English title: Immigrant life satisfaction in Europe: the role of social and symbolic boundaries
Author(s): Boris Heizmann - Petra Böhnke -
Type: Journal article
The cross-national investigation of immigrant subjective well-being remains an understudied field, especially with regard to the link between institutional settings and individual outcomes. We approach this gap by investigating the role of policies regulating immigrant integration for life satisfaction. Immigrants’ status and life chances depend on the inclusiveness of integration policies in forms of rights given to immigrants in the receiving country. These policies differentiate immigrants from natives: exclusionary integration policies understood as social boundaries should result in lower levels of well-being. We also consider an alternative policy type (i.e. multicultural policies) as well as symbolic boundaries (i.e. natives’ attitudes towards immigrants). We distinguish between national citizens, EU citizens and third-country nationals (TCNs). Results based on up to five rounds of data from the European Social Survey indicate that in terms of life satisfaction only TCNs profit from inclusive integration policies. Furthermore, while political multiculturalism does not play a role, we find that EU migrants appear more susceptible to the negative impact of natives’ anti-immigrant attitudes. Policy-making is more important for TCNs, while a migrant-friendly opinion climate is more important for EU migrants. These findings are robust to controlling for unobserved time-constant country heterogeneity via country fixed effects.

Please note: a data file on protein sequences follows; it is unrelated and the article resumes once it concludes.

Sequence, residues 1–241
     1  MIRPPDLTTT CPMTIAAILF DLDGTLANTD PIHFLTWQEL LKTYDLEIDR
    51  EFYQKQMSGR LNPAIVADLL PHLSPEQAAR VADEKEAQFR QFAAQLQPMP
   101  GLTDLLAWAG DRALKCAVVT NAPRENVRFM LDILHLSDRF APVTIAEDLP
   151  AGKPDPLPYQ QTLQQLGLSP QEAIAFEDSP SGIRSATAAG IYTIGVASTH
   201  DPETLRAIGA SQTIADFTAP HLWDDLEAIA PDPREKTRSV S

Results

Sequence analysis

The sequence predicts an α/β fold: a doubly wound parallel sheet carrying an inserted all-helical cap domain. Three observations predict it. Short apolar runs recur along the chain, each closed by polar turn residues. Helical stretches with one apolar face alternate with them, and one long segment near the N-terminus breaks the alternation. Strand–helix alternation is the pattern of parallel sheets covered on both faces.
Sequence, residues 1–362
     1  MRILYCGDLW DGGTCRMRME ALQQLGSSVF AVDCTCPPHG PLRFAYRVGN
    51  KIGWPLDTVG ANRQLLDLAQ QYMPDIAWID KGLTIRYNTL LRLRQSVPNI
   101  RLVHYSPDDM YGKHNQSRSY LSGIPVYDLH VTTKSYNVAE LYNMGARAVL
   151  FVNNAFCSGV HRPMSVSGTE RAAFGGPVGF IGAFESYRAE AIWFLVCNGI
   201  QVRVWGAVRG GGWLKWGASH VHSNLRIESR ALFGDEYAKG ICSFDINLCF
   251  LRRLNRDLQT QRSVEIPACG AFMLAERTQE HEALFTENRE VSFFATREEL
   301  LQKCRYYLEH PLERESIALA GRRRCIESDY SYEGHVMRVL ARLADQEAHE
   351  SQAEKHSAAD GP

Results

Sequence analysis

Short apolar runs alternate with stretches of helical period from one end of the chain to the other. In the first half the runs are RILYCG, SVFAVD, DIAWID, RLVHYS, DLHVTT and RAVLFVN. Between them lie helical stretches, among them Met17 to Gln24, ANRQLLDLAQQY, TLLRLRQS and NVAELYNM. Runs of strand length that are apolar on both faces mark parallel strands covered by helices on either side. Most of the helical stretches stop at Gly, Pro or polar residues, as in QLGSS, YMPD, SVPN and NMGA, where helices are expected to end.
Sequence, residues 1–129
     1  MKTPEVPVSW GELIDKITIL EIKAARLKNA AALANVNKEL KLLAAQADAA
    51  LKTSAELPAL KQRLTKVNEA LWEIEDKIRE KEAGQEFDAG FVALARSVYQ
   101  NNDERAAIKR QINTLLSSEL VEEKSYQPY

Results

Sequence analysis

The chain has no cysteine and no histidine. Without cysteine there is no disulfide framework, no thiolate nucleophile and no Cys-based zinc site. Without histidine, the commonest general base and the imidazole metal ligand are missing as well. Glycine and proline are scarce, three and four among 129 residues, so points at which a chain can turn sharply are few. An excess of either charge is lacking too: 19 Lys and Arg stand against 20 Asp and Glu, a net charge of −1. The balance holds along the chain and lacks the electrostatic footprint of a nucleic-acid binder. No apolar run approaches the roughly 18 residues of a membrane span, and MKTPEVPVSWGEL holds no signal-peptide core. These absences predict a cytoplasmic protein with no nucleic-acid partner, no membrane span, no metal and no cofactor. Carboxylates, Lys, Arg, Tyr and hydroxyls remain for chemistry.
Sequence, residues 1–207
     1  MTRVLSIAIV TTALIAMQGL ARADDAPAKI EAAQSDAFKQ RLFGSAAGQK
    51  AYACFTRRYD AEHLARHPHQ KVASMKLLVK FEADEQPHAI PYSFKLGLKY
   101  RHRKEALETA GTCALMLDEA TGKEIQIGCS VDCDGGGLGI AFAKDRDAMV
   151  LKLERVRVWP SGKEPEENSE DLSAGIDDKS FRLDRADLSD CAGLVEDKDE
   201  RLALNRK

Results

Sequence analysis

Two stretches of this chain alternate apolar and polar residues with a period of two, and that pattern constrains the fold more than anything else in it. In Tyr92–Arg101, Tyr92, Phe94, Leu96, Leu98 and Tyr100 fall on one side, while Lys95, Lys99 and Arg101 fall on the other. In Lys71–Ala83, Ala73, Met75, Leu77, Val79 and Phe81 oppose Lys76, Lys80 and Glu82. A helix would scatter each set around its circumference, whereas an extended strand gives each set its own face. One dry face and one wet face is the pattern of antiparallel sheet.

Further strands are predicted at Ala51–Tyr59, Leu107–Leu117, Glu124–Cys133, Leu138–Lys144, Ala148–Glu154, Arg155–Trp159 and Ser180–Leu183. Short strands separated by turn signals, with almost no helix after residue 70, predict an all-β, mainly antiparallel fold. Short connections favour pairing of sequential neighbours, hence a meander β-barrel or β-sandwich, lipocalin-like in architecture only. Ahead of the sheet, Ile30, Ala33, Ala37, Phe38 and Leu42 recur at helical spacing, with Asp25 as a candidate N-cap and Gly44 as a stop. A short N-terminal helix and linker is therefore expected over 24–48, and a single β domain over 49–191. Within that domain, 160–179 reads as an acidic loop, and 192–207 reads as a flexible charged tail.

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Journal: Journal of ethnic and migration studies